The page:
Opposition let themselves down
24 January 2019 | Columns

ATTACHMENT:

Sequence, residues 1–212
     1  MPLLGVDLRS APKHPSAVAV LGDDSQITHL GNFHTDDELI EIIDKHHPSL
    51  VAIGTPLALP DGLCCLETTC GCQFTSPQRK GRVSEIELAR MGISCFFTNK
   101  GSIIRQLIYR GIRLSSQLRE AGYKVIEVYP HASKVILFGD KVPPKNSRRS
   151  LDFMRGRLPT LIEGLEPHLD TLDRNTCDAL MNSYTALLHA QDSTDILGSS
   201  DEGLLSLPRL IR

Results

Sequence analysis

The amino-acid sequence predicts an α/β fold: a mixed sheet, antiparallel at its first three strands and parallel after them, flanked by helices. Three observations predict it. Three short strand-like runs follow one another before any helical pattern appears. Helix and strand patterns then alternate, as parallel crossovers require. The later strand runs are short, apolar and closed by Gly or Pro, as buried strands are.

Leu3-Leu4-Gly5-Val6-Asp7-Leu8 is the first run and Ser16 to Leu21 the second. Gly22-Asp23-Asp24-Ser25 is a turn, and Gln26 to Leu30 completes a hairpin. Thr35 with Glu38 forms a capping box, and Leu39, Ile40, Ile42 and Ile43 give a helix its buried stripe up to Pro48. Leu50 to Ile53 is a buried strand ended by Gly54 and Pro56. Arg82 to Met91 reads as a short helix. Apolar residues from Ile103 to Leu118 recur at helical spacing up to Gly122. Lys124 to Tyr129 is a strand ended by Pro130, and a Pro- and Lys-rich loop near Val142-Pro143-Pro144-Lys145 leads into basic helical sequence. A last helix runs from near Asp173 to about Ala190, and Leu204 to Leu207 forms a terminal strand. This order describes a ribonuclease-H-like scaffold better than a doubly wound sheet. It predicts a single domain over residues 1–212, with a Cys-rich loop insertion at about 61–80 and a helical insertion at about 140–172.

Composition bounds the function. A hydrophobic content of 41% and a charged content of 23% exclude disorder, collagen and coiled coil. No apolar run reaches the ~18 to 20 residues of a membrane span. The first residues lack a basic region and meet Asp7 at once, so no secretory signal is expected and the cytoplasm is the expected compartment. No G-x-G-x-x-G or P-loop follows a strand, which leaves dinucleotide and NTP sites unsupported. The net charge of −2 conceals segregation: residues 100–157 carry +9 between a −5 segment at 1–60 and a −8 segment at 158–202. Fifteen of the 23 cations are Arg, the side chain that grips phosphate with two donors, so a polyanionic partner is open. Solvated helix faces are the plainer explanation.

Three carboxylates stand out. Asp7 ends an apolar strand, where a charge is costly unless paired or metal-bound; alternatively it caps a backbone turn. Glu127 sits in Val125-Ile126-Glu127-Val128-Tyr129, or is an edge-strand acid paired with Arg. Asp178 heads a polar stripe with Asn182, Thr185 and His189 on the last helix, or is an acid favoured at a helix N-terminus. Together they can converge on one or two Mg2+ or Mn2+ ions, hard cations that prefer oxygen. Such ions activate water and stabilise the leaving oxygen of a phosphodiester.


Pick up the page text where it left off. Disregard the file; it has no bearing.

It is a common fact that many of our opposition parties are not as organised as the ruling party. Weak operational structures, especially at regional level, and largely due to limited funds, are still the order of the day. It is also interesting to note that our opposition have failed to speak with one voice when it matters. A case in point is the contentious issue around the use of electronic voting machines (EVMs) for elections. Just days before the 2014 general election, the High Court ruled against some opposition parties who had asked the court to set aside a section of the Electoral Act, which authorises the line minister to suspend the use of an EVM paper trail, arguing this was unconstitutional. The opposition claimed in their affidavit that the use of EVMs without a verifiable paper trail would leave the door open to election rigging. The High Court ruled the matter was not urgent, given the fact that the opposition parties had long been in possession of documents suggesting that EVMs would be used in the elections without a verifiable paper trail. The court also ruled that the opposition should have first engaged the Electoral Commission of Namibia (ECN) before approaching the courts. There was thus no ruling on the merits of the case, which remains critical. In an interview this week with Namibian Sun, ECN boss Theo Mujoro claimed they would need at least N$160 million to implement a verifiable paper trail. Obviously the elections are just months away, but the fact remains there hasn't been high-level talks involving the ECN and important stakeholders, such as political parties in parliament, on the use of EVMs without a verifiable paper trail. The reactive attitude of waking up late is exactly what is not helping the cause of opposition parties in Namibia. Such a debate should have taken place already, to allow the ECN to focus on voter education campaigns, as well as preparations for the upcoming polls.